For over a decade, BD has partnered with the U.S. Department of State, U.S. President’s Emergency Plan for AIDS Relief (PEPFAR) and the U.S. CDC to advance the capacity and capabilities of labs in Africa and India to diagnose infectious disease. The program, Labs for Life, has been acclaimed as being among the most successful public-private partnerships, and includes improving the diagnosis of the resistant form of tuberculosis (TB), which is presently associated with approximately one-third of the 700,000 annual deaths presently attributed to AMR worldwide.
BD is also engaged in a partnership with the U.S. Agency for International Development (USAID) to strengthen lab testing capacity for TB, with the goal of increasing the presently low levels of second-line drug susceptibility testing in 10 high TB-burden countries, including India and Indonesia.
Additionally, in 2019, BD partnered with the London School of Hygiene and Tropical Medicine to develop a Massive Open Online Course (MOOC) on AMR and diagnostics. Launch of this new educational program will begin in select countries in the coming months.
Surveillance and reporting
Control of AMR requires surveillance to ensure that the appropriate therapy is provided to patients. Surveillance tools can help identify patients at greatest risk of contracting a resistant infection by incorporating information from a variety of sources as part of routine care. The near real‐time availability of data allows clinicians to make more targeted decisions to optimize the use of antibiotics.
In addition, surveillance tools can be used to create an early warning system to detect infections before an outbreak occurs, so that action can be taken to prevent or gain rapid control of an outbreak. Electronic surveillance systems enable healthcare facilities to transmit data to public health authorities in order to monitor local, regional and national trends.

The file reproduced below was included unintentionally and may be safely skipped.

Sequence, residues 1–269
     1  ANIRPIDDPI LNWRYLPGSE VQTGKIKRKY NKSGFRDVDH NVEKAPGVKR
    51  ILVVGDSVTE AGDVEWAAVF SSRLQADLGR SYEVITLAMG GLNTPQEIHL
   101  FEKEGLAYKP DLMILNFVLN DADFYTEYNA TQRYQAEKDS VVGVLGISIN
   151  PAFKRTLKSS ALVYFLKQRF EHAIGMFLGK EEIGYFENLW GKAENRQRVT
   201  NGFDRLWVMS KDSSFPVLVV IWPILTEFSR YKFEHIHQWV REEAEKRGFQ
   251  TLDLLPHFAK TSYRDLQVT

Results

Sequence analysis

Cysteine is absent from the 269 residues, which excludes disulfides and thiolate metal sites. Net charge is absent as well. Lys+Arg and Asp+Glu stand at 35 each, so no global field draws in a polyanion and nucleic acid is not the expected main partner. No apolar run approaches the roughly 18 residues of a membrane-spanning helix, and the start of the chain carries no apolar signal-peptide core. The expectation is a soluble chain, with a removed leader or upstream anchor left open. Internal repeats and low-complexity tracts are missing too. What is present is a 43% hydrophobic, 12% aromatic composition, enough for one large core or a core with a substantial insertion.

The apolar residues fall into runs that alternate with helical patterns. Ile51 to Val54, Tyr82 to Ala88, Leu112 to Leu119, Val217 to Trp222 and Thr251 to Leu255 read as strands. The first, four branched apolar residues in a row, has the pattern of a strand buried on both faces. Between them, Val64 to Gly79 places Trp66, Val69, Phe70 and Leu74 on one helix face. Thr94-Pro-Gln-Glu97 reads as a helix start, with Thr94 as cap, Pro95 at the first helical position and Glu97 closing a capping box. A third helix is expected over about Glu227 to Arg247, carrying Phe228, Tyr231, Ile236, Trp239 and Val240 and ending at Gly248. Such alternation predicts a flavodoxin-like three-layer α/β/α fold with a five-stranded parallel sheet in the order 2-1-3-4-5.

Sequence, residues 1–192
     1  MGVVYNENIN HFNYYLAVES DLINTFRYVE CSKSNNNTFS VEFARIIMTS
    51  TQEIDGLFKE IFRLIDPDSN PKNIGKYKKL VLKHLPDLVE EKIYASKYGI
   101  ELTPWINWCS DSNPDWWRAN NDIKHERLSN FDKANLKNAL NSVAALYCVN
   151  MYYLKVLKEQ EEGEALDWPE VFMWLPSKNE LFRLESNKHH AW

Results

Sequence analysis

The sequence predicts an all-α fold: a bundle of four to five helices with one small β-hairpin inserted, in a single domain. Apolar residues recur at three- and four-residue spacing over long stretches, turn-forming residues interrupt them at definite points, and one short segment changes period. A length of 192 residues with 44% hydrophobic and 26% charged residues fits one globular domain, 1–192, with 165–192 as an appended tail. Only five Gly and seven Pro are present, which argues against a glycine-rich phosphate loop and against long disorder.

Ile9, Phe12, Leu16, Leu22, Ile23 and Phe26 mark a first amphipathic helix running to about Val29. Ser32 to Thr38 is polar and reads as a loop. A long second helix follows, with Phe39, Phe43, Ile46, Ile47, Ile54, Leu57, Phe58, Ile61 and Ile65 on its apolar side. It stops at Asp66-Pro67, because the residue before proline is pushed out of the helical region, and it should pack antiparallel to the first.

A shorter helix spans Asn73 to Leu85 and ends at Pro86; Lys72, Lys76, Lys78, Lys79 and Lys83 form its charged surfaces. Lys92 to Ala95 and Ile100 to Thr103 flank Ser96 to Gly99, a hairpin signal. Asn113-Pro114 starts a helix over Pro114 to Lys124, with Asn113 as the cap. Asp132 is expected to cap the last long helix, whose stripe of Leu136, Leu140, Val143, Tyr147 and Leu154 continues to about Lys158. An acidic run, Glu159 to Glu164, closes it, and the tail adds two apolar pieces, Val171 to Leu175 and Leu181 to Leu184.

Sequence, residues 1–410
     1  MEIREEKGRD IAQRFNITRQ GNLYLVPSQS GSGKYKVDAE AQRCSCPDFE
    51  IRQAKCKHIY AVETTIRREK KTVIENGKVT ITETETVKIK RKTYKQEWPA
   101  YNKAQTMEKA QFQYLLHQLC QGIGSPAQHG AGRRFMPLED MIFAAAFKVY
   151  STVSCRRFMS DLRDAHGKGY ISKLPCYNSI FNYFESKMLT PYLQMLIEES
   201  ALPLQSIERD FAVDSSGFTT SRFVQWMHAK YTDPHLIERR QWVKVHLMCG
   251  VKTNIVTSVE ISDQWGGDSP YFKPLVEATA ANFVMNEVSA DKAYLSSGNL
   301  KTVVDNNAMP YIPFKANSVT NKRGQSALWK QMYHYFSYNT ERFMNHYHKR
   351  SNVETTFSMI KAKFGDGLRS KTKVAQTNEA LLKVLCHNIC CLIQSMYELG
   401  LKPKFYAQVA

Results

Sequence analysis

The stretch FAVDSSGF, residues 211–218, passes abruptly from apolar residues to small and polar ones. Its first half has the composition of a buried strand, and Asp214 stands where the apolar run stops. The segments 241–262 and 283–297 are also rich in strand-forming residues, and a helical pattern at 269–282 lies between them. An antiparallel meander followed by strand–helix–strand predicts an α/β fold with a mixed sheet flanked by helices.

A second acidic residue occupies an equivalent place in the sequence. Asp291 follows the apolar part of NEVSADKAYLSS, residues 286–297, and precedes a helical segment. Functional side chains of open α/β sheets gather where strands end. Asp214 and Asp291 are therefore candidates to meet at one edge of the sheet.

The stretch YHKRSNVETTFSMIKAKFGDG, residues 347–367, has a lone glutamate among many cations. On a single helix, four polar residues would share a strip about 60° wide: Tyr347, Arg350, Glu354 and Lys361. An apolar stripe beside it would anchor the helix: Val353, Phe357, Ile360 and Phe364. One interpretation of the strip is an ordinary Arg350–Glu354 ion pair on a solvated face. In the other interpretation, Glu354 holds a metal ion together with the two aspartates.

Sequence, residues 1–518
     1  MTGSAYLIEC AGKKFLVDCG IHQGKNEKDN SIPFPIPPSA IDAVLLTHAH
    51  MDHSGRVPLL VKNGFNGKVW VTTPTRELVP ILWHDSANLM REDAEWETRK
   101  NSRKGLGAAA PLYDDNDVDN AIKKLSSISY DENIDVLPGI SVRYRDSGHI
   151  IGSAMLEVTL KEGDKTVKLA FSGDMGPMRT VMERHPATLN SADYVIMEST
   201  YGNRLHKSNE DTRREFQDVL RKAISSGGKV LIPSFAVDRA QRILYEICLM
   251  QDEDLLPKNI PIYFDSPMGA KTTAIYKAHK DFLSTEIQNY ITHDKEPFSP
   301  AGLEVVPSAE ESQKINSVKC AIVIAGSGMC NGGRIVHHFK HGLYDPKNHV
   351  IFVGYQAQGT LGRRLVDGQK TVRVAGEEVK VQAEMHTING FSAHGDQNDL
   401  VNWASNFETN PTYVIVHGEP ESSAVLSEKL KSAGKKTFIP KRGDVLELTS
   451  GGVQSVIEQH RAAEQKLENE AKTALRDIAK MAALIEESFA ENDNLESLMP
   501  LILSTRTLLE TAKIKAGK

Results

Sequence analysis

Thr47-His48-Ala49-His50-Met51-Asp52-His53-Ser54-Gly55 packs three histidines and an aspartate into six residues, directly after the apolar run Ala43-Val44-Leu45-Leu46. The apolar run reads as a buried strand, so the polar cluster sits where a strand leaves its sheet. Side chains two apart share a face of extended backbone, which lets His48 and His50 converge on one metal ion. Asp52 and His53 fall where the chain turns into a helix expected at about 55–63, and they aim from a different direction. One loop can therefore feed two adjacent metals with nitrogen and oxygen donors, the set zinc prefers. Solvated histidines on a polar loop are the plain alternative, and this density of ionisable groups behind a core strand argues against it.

By providing hospitals with surveillance tools, BD helps clinicians identify and report healthcare associated infections, and assess AMR risks within their facilities.
BD is engaging directly with countries around the world to support infection prevention and control programs in hospitals and to advance laboratory practices, tailoring its approach to the stage of development of each country and the level of sophistication among hospitals in being able to combat AMR.
Based on the fundamental premise that a challenge and threat as large and encompassing as AMR cannot ever be addressed by one sector alone, BD has engaged in extensive cross-sector collaboration with leading health agencies, foundations and other organizations around the world, underpinned by common motives and goals.
For more information about the company’s position on AMR, visit http://amr.bd.com/ and stay tuned to the BD Blog for a deeper look at BD’s AMR strategy.